22 August 2007 - Recognizing genocide
The Anti-Defamation League of B’nai B’rith reversed its unconscionable stance of denial of the Armenian genocide yesterday, following pressure by the Armenian-American community and American Jews. Propaganda around the issue had accused the ADL of actively lobbying against a Congressional bill forcing the U.S. to acknowledge the genocide, but the ADL denied this; it has yet to back the bill.
The ADL had held out against recognizing the 1915-18 genocide as such because of fears that doing so would endanger Israel’s relationship with Turkey and might prompt reprisals against Jews living there. This, frankly, does not add up to a legitimate excuse and is a sort of shtadlanut by proxy. However, the ADL deserves to be commended for its change of heart, a rare phenomenon in the political world.
Last night, before knowing the ADL had adopted a new position, I watched clips of the debate in the Watertown, Massachusetts council, where the town decided to withdraw its participation in the ADL-affiliated “No Place for Hate” program. The cause may have been just but the atmosphere was that of a witchhunt. Everyone, including the American Anti-Arab Discrimination Committee (ADC), took potshots.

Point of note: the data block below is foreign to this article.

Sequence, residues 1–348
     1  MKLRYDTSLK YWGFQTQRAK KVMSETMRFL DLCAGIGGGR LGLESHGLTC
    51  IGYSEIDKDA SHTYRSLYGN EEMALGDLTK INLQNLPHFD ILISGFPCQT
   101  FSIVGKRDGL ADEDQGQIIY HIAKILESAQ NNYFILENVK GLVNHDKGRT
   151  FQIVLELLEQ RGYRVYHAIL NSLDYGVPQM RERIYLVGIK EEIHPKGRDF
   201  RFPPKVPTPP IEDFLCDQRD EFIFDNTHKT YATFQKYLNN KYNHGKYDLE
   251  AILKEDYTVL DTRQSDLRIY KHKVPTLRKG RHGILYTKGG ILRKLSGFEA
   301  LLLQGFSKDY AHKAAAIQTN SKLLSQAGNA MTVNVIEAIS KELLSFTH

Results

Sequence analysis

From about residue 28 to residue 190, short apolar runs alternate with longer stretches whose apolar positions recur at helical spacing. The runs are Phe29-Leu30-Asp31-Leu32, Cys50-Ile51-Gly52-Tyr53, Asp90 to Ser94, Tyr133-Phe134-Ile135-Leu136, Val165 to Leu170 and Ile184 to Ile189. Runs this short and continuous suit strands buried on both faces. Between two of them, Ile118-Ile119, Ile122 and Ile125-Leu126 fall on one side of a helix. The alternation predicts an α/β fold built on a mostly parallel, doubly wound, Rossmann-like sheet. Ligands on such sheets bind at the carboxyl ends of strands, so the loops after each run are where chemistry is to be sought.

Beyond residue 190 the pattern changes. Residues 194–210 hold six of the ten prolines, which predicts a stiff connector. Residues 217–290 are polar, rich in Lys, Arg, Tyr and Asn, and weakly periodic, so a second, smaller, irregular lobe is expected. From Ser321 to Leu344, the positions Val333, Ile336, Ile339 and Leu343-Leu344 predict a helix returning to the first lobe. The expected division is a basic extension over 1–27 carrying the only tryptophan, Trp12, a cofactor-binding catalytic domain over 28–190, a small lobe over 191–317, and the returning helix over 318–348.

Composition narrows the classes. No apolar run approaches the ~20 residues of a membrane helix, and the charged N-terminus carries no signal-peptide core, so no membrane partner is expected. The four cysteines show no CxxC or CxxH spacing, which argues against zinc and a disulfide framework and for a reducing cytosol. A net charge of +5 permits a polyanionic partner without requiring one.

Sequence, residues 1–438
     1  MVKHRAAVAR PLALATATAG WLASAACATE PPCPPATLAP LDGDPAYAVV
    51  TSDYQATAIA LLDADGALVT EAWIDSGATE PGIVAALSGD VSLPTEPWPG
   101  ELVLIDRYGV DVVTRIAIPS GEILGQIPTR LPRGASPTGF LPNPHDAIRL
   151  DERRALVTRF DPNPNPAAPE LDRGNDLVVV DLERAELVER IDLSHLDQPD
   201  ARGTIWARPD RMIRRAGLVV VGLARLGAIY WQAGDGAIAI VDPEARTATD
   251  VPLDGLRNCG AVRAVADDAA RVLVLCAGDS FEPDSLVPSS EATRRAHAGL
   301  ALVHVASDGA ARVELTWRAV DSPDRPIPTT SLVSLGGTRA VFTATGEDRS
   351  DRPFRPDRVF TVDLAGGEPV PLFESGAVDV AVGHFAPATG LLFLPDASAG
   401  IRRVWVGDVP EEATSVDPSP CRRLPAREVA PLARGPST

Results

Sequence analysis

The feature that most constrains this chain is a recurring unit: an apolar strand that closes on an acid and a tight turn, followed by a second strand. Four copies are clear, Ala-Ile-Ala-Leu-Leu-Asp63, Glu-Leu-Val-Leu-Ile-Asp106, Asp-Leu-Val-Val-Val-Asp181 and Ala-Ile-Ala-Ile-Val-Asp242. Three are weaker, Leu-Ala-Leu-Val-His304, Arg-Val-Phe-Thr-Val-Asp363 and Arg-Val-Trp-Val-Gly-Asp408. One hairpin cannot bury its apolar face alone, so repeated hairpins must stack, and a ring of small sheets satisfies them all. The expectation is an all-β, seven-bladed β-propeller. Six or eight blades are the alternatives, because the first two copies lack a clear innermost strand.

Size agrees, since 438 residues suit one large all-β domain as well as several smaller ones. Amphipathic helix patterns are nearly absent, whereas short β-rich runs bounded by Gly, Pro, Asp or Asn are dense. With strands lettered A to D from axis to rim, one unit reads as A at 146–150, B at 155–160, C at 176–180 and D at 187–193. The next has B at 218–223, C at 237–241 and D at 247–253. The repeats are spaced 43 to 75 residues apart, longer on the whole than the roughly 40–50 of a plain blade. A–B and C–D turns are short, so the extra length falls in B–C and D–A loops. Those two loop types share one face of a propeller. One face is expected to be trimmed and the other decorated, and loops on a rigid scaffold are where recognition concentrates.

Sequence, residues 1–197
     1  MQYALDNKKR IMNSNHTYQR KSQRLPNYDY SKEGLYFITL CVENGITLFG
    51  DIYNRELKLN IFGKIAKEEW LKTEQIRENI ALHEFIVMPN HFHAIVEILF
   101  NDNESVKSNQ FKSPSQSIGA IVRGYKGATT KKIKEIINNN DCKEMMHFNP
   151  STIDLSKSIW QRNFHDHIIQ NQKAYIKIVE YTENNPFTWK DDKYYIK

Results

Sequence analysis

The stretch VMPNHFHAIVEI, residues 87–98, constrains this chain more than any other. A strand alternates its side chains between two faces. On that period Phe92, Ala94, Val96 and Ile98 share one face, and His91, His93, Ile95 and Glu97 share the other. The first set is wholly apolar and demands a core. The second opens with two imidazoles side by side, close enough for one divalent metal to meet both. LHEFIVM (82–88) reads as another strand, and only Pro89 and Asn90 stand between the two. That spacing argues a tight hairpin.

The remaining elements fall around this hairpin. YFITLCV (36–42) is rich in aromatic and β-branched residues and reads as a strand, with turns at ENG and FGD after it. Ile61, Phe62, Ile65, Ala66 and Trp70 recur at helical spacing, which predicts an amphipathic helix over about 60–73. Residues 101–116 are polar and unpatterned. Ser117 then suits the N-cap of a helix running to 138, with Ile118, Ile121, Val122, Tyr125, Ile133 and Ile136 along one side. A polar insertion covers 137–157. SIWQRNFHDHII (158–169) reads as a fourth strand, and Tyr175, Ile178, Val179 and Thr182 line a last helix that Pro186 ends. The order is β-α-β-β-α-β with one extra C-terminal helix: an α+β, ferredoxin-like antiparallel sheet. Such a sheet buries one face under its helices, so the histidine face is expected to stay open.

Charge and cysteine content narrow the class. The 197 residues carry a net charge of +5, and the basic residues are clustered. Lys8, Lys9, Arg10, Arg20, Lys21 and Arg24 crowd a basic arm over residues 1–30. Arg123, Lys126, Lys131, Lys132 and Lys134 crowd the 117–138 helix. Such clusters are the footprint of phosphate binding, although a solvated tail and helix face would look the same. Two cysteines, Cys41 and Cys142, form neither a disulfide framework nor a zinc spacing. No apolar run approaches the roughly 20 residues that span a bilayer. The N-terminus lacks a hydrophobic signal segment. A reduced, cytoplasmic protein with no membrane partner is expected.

The spat between the ADC and ADL is about much more than this issue alone. The two organizations have taken opposing positions on the Israeli-Palestinian conflict, with the ADC declaring “The illegal Israeli occupation of Palestinian land is the foremost obstacle to peace.,” while the ADL’s position is that Palestinian terror and Arab/Muslim rejectionism is the fundamental cause of the continuing conflict.
Closer to the region itself, I am confident that in spite of all the violence, failed dialogue and hatred, something like a consensus is emerging about a resolution to the Israeli-Palestinian conflict. A perusal of the articles in the most recent Palestine-Israel Journal (and I’m not just plugging it because I’ve got an article in it) suggests broad support for the two-state solution and some sort ot confederation.
I think the question at this stage must be less about specific solutions but about methods and approaches to a solution, all of which might be secondary to the issue of leadership on both sides. There is a possibility that we might see a breakthrough this fall. Hopefully both Israelis and Palestinians can then get down to building their future, and those of us in the two diasporas can bicker a little less.